A river of plastic waste
Shoppers with Invisible Bags
An invisible bag

We know that these industries consume vast amounts of pre-consumer and consumer-facing plastic – so what’s stopping them making the switch? Here are a few ideas of how dissolvable plastics can be incorporated into a brand’s sustainable ecosystem: Pre-consumer: Packaging: packing film, bags with seal for transportation, product covers in distribution centres. Consumer-facing: Retail bags, product packaging, garment bags, paper lamination. Internal: bin liners, laundry bags. The material’s properties should certainly appeal to anyone with an eye on design, brand messaging or environmental governance.

The plastic is water-soluble, biodegradable, certified compostable and releases no harmful toxins. Unlike conventional alternatives such as Polyethylene (PE) and Polypropylene (PP), it does not release harmful microplastics. It’s strong and durable, puncture-resistant and has high tensile strength. It’s also soft-touch, colourable and printable. In its finished form, it combines the functional capabilities of conventional single-use plastics, whilst offering a safe end-of-life. And it’s convenient: the only action the consumer needs to take is to boil the kettle, pour the hot water onto the plastic and watch it dissolve. What’s not to like?

A whale in the ocean

Now for the technical bit. The base polymer for this plastic is polyvinyl alcohol (PVOH). It is an odourless, tasteless and translucent (approximately 98% transparency), white or cream-coloured granular powder, which can be thermo- processed to make a range of bags and films. As we noted earlier, it’s not perfect: the current base PVOH polymers are derived from petro-refining, and large-scale assessments of its impact on water systems are yet to be completed.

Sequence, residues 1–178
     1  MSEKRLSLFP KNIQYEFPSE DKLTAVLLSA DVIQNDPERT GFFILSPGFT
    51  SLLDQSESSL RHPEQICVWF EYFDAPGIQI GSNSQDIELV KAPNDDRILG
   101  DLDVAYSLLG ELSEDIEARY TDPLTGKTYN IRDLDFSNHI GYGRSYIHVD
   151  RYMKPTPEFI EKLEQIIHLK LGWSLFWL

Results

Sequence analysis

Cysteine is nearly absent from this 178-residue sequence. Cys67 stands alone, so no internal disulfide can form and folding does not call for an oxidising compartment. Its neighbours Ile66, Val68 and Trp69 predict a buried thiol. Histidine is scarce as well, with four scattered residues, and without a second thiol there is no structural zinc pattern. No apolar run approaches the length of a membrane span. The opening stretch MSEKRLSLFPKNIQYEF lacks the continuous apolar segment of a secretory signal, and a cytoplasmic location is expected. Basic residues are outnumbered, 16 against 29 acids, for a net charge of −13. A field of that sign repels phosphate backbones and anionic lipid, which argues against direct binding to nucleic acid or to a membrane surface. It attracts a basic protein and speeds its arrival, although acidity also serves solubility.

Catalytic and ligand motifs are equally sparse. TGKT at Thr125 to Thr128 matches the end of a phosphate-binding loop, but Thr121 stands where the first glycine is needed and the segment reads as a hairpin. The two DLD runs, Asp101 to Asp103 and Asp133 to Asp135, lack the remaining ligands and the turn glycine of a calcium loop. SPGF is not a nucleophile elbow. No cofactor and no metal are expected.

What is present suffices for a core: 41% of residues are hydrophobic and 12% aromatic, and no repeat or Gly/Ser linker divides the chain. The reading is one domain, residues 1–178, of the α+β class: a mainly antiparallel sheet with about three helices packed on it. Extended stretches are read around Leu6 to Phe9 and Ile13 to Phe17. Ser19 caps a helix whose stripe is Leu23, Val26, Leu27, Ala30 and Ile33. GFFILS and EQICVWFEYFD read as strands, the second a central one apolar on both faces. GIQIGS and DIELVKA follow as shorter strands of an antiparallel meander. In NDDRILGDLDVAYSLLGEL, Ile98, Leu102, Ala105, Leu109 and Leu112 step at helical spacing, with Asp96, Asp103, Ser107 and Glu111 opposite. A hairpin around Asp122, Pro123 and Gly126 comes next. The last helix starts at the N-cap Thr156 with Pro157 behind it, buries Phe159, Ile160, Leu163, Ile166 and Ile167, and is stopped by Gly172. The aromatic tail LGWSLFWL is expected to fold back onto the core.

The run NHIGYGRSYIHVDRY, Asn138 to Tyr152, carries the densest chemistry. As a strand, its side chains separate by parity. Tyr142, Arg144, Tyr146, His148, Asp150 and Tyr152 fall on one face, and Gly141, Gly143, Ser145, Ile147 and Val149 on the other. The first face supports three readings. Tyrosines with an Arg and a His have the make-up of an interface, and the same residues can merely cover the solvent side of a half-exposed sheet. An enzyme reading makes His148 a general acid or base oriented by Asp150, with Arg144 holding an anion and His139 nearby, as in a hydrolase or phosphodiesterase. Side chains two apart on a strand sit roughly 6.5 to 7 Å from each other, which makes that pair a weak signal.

However, the switch to bio-based PVOH, derived from cellulose, is imminent. The only reason there is no significant manufacturing of the bio-based version at present is due to demand. But, as demand grows, the lifecycle of dissolvable plastic products will become increasingly renewable. What’s more, this dissolvable plastic is far more durable than conventional alternatives. This means that less material is required for production. For example, the recommended thickness of a standard garment bag, made from conventional plastic, is 40-60 microns; thanks to its improved durability, the same garment bag, made from dissolvable plastic, would be just 25 microns. All of which means that brands now have the opportunity to write a sustainable story with this dissolvable plastic – one which makes a meaningful difference to their long-term ambitions on environmental governance.

If you like what you’ve seen in this article and would like further information on this or other sustainable materials, please contact info@nirvanacph.com. We’ll be more than happy to help you tell your brand’s sustainable story.

Posted 22 March, 2021 by Katie Kubrak